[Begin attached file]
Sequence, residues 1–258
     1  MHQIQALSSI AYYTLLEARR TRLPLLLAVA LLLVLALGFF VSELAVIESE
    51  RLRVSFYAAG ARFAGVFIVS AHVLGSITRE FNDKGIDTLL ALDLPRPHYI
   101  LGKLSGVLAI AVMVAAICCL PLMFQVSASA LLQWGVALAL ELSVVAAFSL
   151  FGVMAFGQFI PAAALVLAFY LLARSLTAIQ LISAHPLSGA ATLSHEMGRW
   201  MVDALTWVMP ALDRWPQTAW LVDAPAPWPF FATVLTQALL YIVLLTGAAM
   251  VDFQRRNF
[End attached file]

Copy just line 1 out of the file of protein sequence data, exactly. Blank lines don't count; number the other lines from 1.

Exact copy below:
Sequence, residues 1–258